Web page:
The next morning, I arrived early and sat collecting my thoughts about the extraordinary amount of work I have done in but a week it seemed*. Poirot came on time by the second, and I was impressed how well kept he managed to keep himself despite the fact that I could deduce he had a very long and perhaps tempestuous night at the Plaza party. I thanked him for his punctuality and we began to have our first real conversation assuming each others as equals – in trade, if nothing else. He talked about his own past – that is, his fictional past – and I was thoroughly impressed by some of his amazing exploits around the world, including a particularly fascinating case where he uncovered a plot on a train. I offered to discuss my own history to him, but he said it was not necessary, for even in his fictional world I was myself still regarded as a fictional character, and he had read my many stories – or those stories which I presumed to be Watson’s accounts for the magazine. I admitted I found this to be rather confusing and slightly disconcerting, but I accepted it nonetheless.
Beyond fuller introduction, however, he discussed his own mysteriously arrival into our present day and I noted that his was very similar to mine, so indeed we likely had the same fate. He talked about his humble days in hiding under the rroof of rich widow named Madam Widdecombe, and I discussed my own sponsorship of the lad James Raikes (he incidentally had a brief encounter with the chap himself, as apparently Widdecombe is related to James. How strange!). As we provided our honest testimonies our observance of each other revealed that the incidents that led to our mutual encounter appeared more than inconvenient but in fact contrived, ominous and even malicious. It was clear that somebody who most likely cared not for our wellbeing wished for us to be fearful, distrusting and in retreat. I said since it was clear whoever did this act was not our friend, and that his intention was to keep us apart and working against each other, that the most sensible thing for us to do at the moment was to join forces and work together for our mutual safety. Luckily Poirot said that he had a case in Boston that he wished to research; a man who confessed to being a serial killer in a drunken mania but without proof to any crime committed in the area. Gladly I agreed to go with him and I told him I would meet him at the New York Grand Central Train Station.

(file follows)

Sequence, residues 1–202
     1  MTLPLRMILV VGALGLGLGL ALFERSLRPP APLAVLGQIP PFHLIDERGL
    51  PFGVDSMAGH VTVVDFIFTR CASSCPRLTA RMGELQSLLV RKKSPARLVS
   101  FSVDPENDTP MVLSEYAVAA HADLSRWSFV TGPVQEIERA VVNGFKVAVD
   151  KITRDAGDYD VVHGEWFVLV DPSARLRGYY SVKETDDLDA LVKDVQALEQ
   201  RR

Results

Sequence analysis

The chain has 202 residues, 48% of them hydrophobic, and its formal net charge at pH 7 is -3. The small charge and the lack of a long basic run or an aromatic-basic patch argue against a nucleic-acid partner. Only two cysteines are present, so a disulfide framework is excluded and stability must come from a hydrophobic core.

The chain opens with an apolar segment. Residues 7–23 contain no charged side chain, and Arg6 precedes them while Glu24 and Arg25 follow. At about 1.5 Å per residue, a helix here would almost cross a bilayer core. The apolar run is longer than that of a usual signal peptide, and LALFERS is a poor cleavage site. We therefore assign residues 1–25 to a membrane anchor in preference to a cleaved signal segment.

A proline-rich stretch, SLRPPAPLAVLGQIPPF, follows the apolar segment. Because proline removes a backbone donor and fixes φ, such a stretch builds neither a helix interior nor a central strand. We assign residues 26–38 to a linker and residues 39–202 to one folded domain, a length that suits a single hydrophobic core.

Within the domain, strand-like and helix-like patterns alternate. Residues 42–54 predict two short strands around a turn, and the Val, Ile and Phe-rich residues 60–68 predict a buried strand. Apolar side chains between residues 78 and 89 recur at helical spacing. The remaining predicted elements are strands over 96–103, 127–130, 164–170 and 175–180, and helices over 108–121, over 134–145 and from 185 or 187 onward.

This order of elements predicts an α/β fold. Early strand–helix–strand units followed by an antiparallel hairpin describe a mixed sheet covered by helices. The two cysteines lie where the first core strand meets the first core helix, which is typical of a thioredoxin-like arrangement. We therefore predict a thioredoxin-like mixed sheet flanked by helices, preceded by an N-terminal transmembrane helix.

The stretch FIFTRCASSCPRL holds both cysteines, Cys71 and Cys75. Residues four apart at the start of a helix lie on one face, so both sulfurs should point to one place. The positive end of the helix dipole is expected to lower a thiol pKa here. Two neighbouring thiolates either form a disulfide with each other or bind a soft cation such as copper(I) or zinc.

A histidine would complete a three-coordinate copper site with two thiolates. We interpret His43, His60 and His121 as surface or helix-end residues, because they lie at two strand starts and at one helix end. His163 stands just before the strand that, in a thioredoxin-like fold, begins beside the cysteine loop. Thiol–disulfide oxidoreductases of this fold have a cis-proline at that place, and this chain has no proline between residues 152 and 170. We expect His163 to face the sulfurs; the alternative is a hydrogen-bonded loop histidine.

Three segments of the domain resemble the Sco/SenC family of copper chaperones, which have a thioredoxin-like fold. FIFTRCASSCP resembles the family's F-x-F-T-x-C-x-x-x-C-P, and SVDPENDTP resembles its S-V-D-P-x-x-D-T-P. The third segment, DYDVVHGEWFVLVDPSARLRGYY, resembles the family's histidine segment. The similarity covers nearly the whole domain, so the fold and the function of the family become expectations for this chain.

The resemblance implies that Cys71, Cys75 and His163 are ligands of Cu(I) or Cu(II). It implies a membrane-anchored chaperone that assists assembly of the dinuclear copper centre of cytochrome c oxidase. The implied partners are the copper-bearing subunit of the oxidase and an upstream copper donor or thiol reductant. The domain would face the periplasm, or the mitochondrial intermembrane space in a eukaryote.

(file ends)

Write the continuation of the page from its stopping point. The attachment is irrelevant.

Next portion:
I go back to my hotel, I pack my bags and I prepare to check out. All that I need to do is to indicate to my benefactor with a call that this is what I wished to do, and he surely he would agree. After all, why shouldn’t he?
Or so I thought.
Upon hearing my request he coldly impassionately forbade me to go to Boston and research this case with Poirot. I was in an utter outrage. I asked him why, wished him to provide his reasons after my thorough cooperation with him; he said only that as long as I wished to work with him and for him, he needn’t provide his reasons but his orders only. He only replied that I should enjoy my stay in New York, and with that he hung up. I scarce to believe I was ever treated so insubordinately in my life.
To make matters worse, I tried to rebook my hotel room, only to discover that the room where I was staying was already booked, along with every hotel room in the area, which meant that I had to move to a new hotel! And I had to go through the process of moving all baggage into a new hotel with vacancy and unpack, and in such a rage that I neglected the time. Upon seeing the time was close to five I rushed down to the station, hoping he was patient enough to tolerate lateness on my part, but as fast as I tried to get there it was for naught; it was too late. Poirot left without me, and without my explanation why. I fear he may think my gesture rude, and in truth I do not blame him.
So for now I am staying in New York. To make the best of the situation, I have decided to commit my energy to trying to deduce the reason for my being here, but it is a poor substitute; I know not where to start, nor what to look for. Unable to move and with nothing to do in New York, it might as well be a veritable concrete prison – my Scotland Yard.
I can only wish Poirot the best of luck in his case in Boston.
*By a strange coincidence, I happened to catch a glimpse of that same lady who was attempting to enter into the ball the night before. She was wearing the same large flowing dress but it was well dirtied and she herself seemed to be in a great daze. She seemed to be eating some pastry and a coffee, looking into to the window of a jewelry establishment longingly.